IDAHO FALLS — If you haven’t gotten your fresh-cut Christmas tree this year, it’s not too late. East Idaho has several options, including ready-to-take-home trees at retail centers, tree farms where you can pick one to have cut for you, and a tree out in the forest you can cut yourself.
There used to be more “pop up” tree lots around Idaho Falls, according to Jon Russell, manager at Eagle Rock Nursery. But likely extreme cold snaps — which can harm fresh-cut trees stored outdoors — and shipping costs played a factor in stopping those businesses.
“You can’t really order just 50 trees and have it be worth it,” he said.
According to the Pacific Northwest Christmas Tree Association, Oregon is by far the biggest supplier of Christmas trees to the nation this year at 5.2 million; Washington state is fifth at 1.5 million. The climate in those states are ideal to producing the most popular Christmas trees such noble fir and other fir varieties.
Eagle Rock Nursery gets its trees shipped from Oregon. When the trees arrive, they go into Eagle Rock’s large greenhouse, which keeps the trees safe from the cold. Most customers look for 6- to 8-foot trees, explained Russell, though they also have quite a few customers who want 14-foot trees.
Even with so many artificial tree options available, some people just can’t get through Christmas without the smell and experience of having a real tree in their home.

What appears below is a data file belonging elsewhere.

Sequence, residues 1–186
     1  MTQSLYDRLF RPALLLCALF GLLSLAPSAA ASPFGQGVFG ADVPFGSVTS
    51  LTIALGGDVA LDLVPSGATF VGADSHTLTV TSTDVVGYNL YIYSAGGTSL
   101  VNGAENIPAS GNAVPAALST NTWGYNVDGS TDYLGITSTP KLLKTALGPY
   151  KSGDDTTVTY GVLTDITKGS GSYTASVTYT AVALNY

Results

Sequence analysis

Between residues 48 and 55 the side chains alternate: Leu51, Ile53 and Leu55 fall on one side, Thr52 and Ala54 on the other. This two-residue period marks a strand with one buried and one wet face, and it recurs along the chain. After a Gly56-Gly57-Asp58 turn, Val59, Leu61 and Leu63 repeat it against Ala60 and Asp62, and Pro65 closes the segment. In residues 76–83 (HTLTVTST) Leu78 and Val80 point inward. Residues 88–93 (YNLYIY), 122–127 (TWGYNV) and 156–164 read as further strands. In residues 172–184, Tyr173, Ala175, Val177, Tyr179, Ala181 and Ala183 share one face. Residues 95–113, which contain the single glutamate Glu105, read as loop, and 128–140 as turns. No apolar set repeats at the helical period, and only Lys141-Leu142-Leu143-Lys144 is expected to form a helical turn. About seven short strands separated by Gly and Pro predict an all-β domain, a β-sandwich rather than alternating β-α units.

“A lot of our customers have both a fresh and artificial,” Russell added.
While noble firs don’t like Eastern Idaho growing conditions, there are other Christmas tree varieties that grow closer to home. Haroldsen Gardens located just north of Idaho Falls grows spruce trees as part of its fresh-cut Christmas tree farm.
“They’re more prickly than fir, but they hold well,” said Eric Haroldsen.
Haroldsen started growing Christmas trees 25 years ago as an offset to their summer raspberry and asparagus business. It takes about 15 years to grow the spruces tall enough when growing from seedlings. However, when Haroldsen cuts a tree for someone, he leaves the lower branches and trunk, which allows the tree to regenerate and grow tall enough to be cut again in seven years.
“We’re on our third cutting of trees now,” he added.
Haroldsen Gardens currently have about 2,000 Christmas trees at all stages of growth.
If you’re looking for a little bit more adventure with your fresh-cut Christmas tree, you can always grab your saw and head into the forest to cut your own. But first, make sure to stop by a designated location to get a permit first. When you get a permit, you will also be given a map that shows where you are allowed to cut your tree. Alpine fir is a popular choice for local forest-going Christmas tree cutters.
Christmas tree permits are available at the BLM, forest service offices, Idaho Falls Visitor’s Center, Palisades Ranger District, Cal Ranch and Sportsman’s Warehouse. Each forest area has a designated number of permits—Montpellier is already out, since many come up from Utah to cut trees there. But more permits are available in other areas close to east Idaho.